Dear Dominic, My internet is much slower in the evenings. When I called my provider to ask why, they said it was because of “traffic management”. What does this mean?
Robert, via email, 12 July 2010
Our expert Dominic says...
One of the main reasons why broadband is slower at peak times - such as in the evenings - is because of network congestion. When so many people try to get online at the same time, lines become crowded and it can take longer for web pages to load, videos to download and the BBC iPlayer to buffer.
Average broadband speeds generally drop by around 1Mb at peak times, but some people experience much bigger differences in their download speed. And if you don't have a fast, stable connection to start with, peak time traffic can wreak havoc on your internet.
On top of this, some broadband providers also apply traffic management measures that can slow you down even more.
Traffic management is designed to stop heavy downloaders from clogging up the network and slowing everyone else down at peak times.
If you download or upload a lot of data over a long period of time, your activities might affect people wanting to do everyday things like surf the net and check emails. If this is the case, your broadband provider might slow down your connection so that you can't use as much data.
Traffic management is also designed to ensure that time-sensitive applications like Skype and online gaming are prioritised - a slow connection could mean that these types of programs simply become unusable.
How much is too much?
One broadband provider can have a very different traffic management policy to the next, which is why it's so important to compare packages to make sure you're getting a service that will suit your needs.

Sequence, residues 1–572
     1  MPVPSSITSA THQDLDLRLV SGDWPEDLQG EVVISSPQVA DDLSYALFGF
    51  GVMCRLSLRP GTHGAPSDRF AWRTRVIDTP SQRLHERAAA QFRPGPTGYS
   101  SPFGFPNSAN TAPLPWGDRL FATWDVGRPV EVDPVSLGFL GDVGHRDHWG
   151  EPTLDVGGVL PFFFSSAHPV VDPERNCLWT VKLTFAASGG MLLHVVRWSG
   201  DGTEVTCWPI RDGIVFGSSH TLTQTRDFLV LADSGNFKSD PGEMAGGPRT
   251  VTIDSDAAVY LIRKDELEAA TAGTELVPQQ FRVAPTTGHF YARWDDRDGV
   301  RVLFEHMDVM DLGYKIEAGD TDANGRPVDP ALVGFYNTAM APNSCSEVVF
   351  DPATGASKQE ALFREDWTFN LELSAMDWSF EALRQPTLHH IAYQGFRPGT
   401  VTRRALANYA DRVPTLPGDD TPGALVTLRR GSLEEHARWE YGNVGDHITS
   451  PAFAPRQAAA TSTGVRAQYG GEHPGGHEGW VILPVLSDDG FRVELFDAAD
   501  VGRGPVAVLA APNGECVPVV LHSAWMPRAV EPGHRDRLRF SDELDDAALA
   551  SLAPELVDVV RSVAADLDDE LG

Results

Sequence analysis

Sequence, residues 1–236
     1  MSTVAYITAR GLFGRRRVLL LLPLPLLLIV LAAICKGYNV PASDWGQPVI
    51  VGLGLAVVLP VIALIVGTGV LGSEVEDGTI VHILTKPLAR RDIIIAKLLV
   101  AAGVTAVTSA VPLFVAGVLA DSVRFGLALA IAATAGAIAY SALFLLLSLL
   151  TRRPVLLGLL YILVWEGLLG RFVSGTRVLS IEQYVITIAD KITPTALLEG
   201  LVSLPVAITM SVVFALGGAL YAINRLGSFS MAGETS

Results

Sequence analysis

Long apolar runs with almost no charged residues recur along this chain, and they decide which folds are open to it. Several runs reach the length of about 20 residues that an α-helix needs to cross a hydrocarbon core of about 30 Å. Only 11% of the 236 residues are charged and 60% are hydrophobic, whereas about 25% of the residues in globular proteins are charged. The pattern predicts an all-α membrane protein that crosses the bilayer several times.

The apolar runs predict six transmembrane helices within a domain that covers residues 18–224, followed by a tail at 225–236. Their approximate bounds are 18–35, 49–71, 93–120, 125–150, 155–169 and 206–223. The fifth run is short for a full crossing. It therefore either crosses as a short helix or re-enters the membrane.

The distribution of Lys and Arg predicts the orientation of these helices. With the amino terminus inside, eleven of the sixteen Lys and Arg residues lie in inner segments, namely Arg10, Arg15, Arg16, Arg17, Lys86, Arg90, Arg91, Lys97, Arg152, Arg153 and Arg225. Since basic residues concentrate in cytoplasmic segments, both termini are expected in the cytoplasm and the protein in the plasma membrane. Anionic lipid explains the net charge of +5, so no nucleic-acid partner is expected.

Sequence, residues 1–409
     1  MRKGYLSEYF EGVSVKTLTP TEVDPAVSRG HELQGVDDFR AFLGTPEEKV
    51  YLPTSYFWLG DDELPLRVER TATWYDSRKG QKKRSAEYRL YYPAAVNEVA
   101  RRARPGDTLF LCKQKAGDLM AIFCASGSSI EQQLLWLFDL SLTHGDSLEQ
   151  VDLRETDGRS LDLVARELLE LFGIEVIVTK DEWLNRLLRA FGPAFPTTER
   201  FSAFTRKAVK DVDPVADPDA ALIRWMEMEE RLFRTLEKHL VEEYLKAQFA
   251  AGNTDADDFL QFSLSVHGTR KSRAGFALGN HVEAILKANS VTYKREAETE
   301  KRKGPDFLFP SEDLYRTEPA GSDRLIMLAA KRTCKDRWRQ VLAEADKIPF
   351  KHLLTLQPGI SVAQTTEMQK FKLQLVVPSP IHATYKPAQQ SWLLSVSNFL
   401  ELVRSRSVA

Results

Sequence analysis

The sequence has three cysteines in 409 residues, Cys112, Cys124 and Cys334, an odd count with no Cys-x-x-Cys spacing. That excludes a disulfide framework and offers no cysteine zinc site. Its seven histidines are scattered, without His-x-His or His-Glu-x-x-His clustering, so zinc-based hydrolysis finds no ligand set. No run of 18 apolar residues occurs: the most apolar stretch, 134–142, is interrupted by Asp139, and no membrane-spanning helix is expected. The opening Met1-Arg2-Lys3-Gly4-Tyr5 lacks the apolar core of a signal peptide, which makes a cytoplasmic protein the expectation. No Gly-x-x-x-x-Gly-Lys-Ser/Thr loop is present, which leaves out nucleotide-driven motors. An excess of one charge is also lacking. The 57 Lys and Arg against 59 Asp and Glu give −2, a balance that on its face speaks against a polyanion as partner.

For example, customers on Virgin Media's (www.Virginmedia.com) L Broadband package comes with speeds of up to 10Mb and "unlimited broadband" downloads, subject to a fair usage policy. But even though it offers "unlimited" downloads, it does apply traffic management.
This means that if you reach the cap of almost 3GB between 10am and 3pm, you'll have your speed cut by a massive 75% for the next five hours.
On the other hand, the cable provider's XXL 50Mb broadband package comes with unlimited downloads and no traffic management.
While the vast majority of people won't download anything like this amount in one day, as our habits change and people download more, increasing numbers of consumers could fall foul of their traffic management policies. For example, one high-definition movie download could be as much as 4GB.
Traffic management is not the same as a fair usage policy. Although it does depend on how much you've downloaded, traffic management is usually applied on a daily basis, rather than once you've exceeded a monthly download allowance.
However, you should still keep an eye on your monthly download limit. If you've got a set download allowance you might be charged for going over your limit, while fair usage customers - who've usually signed up to an "unlimited" package could have their speed throttled if they regularly download too much.
Packages without traffic management
A number of providers offer traffic management-free broadband packages. Virgin Media and Sky broadband's (www.Sky.com) top packages both offer truly unlimited downloads, while BE broadband (www.Bethere.co.uk), whose packages are designed with heavy downloaders in mind, promises never to use traffic management on its Unlimited or Pro packages.
Track your downloads
The best way to steer clear of your provider's traffic management policies is to make sure that you've read the small print and know exactly how much you're allowed to download.
Keep an eye on your downloads to ensure you don't go over your limit.
If you still find that you're being slowed down at peak times, talk to your provider to find out if you can upgrade to a more suitable package.
But it might simply be time to accept that you're a heavy downloader and need a package that can accommodate this. Switching broadband provider can save you money as well as getting you a faster, more suitable broadband package.